We expected the “Frank” to be wild, majestic, and to have amazing vistas. We expected it to teach us lessons. We expected to see some neat airplanes. We expected it to be a place to meet wonderful people. We expected it to provide memorable hangar tales. It did all that, and much more.

Working down the bucket list: float plane rating—check!

Float plane water operations require more planning and forethought than land operation on wheels.  Before untying the lines, you have to consider where the wind and the current will move you – into obstacles like another aircraft at the dock or the shore. Once in the air, things are pretty much normal for an under powered airplane.

Freak School: learning to fly at OAK in the 1970s

Just shy of my 15th birthday, I decided to do something about this flying thing.  I set out on the bus from Berkeley, and eventually made it down to the Oakland Airport.  I started knocking on doors, and by that afternoon I found a flight school.

North to Alaska—a journey to remember

After several planning sessions, purchases of camping gear (which we never used) and hours of studying maps of British Columbia, Yukon Territory and Alaska, we packed our bags, stuffed them into our airplanes and off we went. We knew weather would be the deciding factor.

A North American flying adventure with my son

This was the year that I decided to finally attend EAA AirVenture for the first time, in our 1962 Cessna 182E. The planning began in May with me studying all I could to make a trip like this go smoothly. One of the best pieces of news I received during all of this planning was that my 17-year-old son Peter wanted to come along for the adventure. It was going to be a father-son trip to top any that came before it.

California to Oshkosh in a 1941 Stearman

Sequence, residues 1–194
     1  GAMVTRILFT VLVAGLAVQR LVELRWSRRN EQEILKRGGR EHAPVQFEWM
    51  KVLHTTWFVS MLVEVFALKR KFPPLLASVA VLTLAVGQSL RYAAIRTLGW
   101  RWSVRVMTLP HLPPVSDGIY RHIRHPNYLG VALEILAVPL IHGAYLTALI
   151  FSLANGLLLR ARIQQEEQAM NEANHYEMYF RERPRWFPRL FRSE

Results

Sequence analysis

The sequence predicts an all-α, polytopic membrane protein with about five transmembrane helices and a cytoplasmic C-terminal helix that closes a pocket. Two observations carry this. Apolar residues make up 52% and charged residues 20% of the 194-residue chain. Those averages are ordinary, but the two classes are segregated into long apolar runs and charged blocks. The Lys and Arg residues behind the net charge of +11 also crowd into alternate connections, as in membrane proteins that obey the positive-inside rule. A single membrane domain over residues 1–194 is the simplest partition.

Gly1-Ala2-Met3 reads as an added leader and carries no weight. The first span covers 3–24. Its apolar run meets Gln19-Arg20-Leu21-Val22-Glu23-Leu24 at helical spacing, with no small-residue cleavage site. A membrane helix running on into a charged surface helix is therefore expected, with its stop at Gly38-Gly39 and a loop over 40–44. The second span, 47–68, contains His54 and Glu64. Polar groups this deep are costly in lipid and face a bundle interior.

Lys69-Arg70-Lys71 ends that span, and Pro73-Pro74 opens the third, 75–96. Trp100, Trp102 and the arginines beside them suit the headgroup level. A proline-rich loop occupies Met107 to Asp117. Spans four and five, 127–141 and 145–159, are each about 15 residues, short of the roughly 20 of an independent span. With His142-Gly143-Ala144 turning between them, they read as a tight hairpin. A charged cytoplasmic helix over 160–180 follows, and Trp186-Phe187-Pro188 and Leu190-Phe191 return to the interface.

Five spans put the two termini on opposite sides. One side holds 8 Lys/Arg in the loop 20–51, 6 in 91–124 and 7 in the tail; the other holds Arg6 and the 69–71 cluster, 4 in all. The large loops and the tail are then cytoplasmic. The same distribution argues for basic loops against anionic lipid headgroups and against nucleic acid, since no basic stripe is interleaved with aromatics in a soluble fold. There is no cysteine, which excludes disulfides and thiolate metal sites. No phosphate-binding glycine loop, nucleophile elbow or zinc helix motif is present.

I have been attending the annual Experimental Aircraft Association (EAA) convention in Oshkosh, Wisconsin, for years. Many have been attending it since its start in 1954, and have never missed a year. In 1994 I was fortunate to fly to Oshkosh with my friend Royce Clifford, and in her 1941 Stearman. The trip took four days from Gillespie Field in San Diego, California.
Citabria parked

A little (local) knowledge is (not) a dangerous thing

Linda and I were on a "ramble" that summer, in Casper, our 1967 M20E Mooney. We meandered from home in the Kingdom (northeastern-most Vermont) down the eastern seaboard to Tennessee to visit her sister and my brother-in-law. Finally, we had to leave Tennessee, as our ultimate destination that summer was Wyoming. Dubois, Wyoming (DUB), to be precise.

From Venezuela to Alaska and back

It all started in May 1998, after we installed factory rebuilt engines in our 1976 Piper Seneca II, YV-850P. My partner Mark Dominguez and I asked ourselves where we could go with these new capabilities. Rather jokingly, we said, "why not Alaska?!" After some serious discussions, we decided, "let's go for it!"
Over Greenland

Flying a Cirrus VFR across Russia

For decades, the requirements to fly a private plane beyond Moscow or St. Petersburg required having a Russian speaker/navigator on board. I understood that the necessary permits were difficult to obtain and that avgas was hard to come by. With little notice or announcements, all of this has changed. Thinking about all of this for just a few seconds, I knew that I had to make this trip.

Easier than they say: flying a Cub from Idaho to Baja Mexico

Recently a friend and I had cause to celebrate a newly earned PPL, so in the midst of winter, we left snow-covered Idaho for a 4000-mile trip to the tip of Baja and back. A Super Cub is not the ideal plane for this mission. With only 46 gallons of usable fuel and 31-inch backcountry tires, our speed was limited to 100 miles per hour. This journey was going to be on Mexican time: low, slow and off the beaten path.